Food Security and Social Protection
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About this Module
Despite considerable progress in reducing income poverty in many parts of the world, hundreds of millions of people suffer from food insecurity and malnutrition. This has major consequences for human health and development. Globalisation, combined with increasing incomes in many countries, has resulted in major changes to the structure of food markets, and new challenges for food production and consumption policies. High and volatile international food prices over the past few years have increased food insecurity and heightened international awareness of these issues.
The past two decades have also witnessed massive growth in the scope and scale of social protection (welfare) in low- and middle-income countries. Some famous examples include the ‘Progresa’ and ‘Zero Hunger’ schemes in Mexico and Brazil, the National Rural Employment Guarantee Act in India, and the move away from international food aid to a national social protection programme in Ethiopia.
This module considers food security and social protection together, because there are complex linkages and trade-offs between them. Social protection programmes can be a key tool in fighting poverty and hunger. However, the design of social protection programmes is debated. Should governments provide free or cheap food, or simply offer poor people cash? Is offering a job on a public works scheme a better option? Who should be eligible to receive help, and for how long? Is social protection a costly ‘band-aid’, which doesn’t really change anything in the long term or can it promote growth and job creation? What are the potential trade-offs with other investments which could reduce food insecurity, such as direct investments in small-scale farming? The module explores practical policy issues such as these, while providing students with an academic foundation to explore concepts and evidence.
Objectives and learning outcomes of the course
By the end of the module, students should be able to:
- describe and assess critically the main conceptual frameworks and measurements used to analyse poverty, food security, and nutrition
- describe and compare critically major approaches and instruments used for social protection in developing countries, with a particular emphasis on social protection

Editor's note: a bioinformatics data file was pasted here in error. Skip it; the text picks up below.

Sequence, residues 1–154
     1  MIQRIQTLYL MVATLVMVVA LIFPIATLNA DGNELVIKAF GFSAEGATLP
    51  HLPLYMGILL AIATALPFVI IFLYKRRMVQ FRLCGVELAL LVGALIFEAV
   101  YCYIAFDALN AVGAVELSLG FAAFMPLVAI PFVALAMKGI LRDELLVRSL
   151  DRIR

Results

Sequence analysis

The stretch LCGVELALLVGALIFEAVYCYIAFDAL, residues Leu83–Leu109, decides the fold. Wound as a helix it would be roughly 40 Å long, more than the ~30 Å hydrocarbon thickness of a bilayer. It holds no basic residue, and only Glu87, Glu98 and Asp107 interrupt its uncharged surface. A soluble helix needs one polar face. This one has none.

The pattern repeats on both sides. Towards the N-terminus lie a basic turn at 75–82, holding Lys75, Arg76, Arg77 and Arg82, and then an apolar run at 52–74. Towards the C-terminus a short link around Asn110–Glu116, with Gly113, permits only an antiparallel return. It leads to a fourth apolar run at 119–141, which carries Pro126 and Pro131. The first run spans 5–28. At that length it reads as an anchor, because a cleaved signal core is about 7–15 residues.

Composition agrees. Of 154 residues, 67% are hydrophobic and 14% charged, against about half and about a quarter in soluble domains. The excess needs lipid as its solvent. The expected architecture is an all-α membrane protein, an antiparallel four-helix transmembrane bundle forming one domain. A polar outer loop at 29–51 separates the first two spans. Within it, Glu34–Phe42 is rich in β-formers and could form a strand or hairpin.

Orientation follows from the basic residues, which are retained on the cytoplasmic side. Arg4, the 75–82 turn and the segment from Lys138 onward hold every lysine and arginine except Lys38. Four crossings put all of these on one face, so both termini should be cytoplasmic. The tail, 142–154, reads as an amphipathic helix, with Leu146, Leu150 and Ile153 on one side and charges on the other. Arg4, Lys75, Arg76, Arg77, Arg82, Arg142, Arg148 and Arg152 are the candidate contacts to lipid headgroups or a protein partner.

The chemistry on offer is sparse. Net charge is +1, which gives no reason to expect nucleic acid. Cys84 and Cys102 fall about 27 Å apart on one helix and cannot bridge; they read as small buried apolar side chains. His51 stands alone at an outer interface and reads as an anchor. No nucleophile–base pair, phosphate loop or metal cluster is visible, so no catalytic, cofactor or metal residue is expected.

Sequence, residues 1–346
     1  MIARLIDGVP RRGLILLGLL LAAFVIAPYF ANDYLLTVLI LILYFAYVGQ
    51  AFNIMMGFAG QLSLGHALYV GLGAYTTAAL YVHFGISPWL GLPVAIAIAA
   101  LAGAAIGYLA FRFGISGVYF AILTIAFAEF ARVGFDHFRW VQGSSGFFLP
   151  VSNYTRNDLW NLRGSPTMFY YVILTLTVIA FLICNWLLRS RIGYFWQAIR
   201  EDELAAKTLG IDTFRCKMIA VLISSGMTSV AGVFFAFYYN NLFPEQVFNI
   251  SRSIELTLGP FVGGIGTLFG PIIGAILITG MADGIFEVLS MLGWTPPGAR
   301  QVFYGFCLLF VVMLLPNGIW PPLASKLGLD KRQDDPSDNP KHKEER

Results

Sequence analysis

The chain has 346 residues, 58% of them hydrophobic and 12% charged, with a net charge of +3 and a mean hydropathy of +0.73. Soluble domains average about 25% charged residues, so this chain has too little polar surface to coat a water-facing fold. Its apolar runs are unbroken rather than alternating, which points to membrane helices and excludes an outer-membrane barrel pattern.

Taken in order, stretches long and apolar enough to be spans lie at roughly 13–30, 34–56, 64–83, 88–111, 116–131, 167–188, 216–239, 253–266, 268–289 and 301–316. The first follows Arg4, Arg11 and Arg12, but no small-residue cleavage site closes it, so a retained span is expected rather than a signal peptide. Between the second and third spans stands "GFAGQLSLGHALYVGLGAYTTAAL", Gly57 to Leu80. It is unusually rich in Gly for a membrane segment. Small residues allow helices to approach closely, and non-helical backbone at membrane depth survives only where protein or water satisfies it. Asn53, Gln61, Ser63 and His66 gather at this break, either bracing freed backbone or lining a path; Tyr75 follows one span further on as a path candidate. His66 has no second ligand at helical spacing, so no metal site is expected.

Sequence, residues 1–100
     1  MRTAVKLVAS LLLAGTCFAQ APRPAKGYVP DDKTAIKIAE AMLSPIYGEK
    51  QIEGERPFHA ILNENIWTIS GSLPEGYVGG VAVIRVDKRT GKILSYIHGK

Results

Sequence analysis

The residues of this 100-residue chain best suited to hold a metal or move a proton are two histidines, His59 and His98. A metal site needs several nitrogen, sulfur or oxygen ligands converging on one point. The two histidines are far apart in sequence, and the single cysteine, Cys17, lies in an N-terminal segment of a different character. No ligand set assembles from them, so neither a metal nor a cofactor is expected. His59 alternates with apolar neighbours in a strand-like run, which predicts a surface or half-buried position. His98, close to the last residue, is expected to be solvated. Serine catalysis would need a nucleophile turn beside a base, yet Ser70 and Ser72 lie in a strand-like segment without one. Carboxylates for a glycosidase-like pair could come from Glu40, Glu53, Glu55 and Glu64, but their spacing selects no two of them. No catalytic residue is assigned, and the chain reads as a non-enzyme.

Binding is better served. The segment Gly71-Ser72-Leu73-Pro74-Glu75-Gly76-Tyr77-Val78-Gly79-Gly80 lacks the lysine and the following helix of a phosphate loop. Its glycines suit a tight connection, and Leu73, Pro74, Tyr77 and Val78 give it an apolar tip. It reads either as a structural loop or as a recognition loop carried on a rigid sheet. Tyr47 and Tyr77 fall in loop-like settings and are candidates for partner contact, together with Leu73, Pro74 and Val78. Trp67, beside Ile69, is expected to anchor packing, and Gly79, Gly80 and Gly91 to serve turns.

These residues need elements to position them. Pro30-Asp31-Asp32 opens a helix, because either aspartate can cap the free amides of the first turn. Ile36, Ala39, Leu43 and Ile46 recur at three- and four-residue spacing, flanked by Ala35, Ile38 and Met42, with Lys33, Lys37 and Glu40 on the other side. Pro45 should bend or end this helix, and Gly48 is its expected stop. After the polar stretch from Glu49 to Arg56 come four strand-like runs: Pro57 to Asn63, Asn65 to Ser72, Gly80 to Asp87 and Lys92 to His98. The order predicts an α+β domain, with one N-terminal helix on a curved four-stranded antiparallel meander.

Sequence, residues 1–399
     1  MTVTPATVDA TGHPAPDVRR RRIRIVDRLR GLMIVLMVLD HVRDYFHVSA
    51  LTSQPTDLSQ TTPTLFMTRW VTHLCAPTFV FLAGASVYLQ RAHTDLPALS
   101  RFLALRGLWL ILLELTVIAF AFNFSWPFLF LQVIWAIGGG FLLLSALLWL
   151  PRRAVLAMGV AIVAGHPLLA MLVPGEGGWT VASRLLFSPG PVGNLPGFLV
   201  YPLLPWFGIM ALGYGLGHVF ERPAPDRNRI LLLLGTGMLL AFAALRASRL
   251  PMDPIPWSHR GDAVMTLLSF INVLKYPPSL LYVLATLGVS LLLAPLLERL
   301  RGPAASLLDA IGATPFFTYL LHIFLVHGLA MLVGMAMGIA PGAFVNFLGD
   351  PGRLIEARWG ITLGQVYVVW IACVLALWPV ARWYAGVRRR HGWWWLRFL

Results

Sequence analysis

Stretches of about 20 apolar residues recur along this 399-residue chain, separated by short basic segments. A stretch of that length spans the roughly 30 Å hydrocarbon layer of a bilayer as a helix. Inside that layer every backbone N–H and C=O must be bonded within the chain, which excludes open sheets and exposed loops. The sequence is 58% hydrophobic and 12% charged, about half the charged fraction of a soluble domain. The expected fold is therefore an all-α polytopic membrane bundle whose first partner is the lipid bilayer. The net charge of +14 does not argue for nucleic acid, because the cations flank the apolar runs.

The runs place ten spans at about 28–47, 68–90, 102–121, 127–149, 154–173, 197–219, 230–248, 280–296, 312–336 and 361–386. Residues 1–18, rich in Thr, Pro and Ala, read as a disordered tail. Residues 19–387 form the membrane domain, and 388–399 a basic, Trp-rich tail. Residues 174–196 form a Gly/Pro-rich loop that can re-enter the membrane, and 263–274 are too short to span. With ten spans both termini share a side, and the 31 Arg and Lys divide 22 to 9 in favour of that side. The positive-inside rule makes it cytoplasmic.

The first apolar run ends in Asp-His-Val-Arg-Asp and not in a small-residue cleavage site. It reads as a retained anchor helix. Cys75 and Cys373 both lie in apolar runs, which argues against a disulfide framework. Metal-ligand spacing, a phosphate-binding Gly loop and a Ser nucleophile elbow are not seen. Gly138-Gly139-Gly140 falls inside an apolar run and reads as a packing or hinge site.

- critically examine implementation processes and challenges in social protection programmes, including targeting methods and benefit setting, information systems and payment mechanisms, and exit and graduation strategies
- critically examine the importance of the political economy of social protection: public and private financing methods; government versus donor investment; how policy history, political actors and socioeconomic factors affect the scope, characteristics and support for social protection
- describe and appraise critically the main approaches that have been taken to promote the four main aspects of short and long-term food security (availability, access, utilisation and stability), including the role of social protection interventions
- engage critically in current international debates on food security and social protection, discussing the merits and disadvantages of different policy proposals, for example, interventions to mitigate the impacts of international food price volatility.
Scope and syllabus
Unit 1 introduces concepts to be used throughout the module and emphasises the importance of shocks (such as to ill-health or crop failure) in the livelihoods of poor people. Unit 2 discusses issues in the definition and measurement of poverty and food insecurity, which underpin practical policy debates. Unit 3 provides an introduction to social protection, while Units 4 and 5 discuss some major implementation issues, including targeting and politics. Units 6 to 10 consider the key dimensions of food security and critically assess policies and interventions to tackle food insecurity, including the important role of social protection.
- Grosh M, del Ninno C, Tesliuc E, Ouerghi A (2008) For Protection and Promotion: The Design and Implementation of Effective Safety Nets. The World Bank, Washington DC.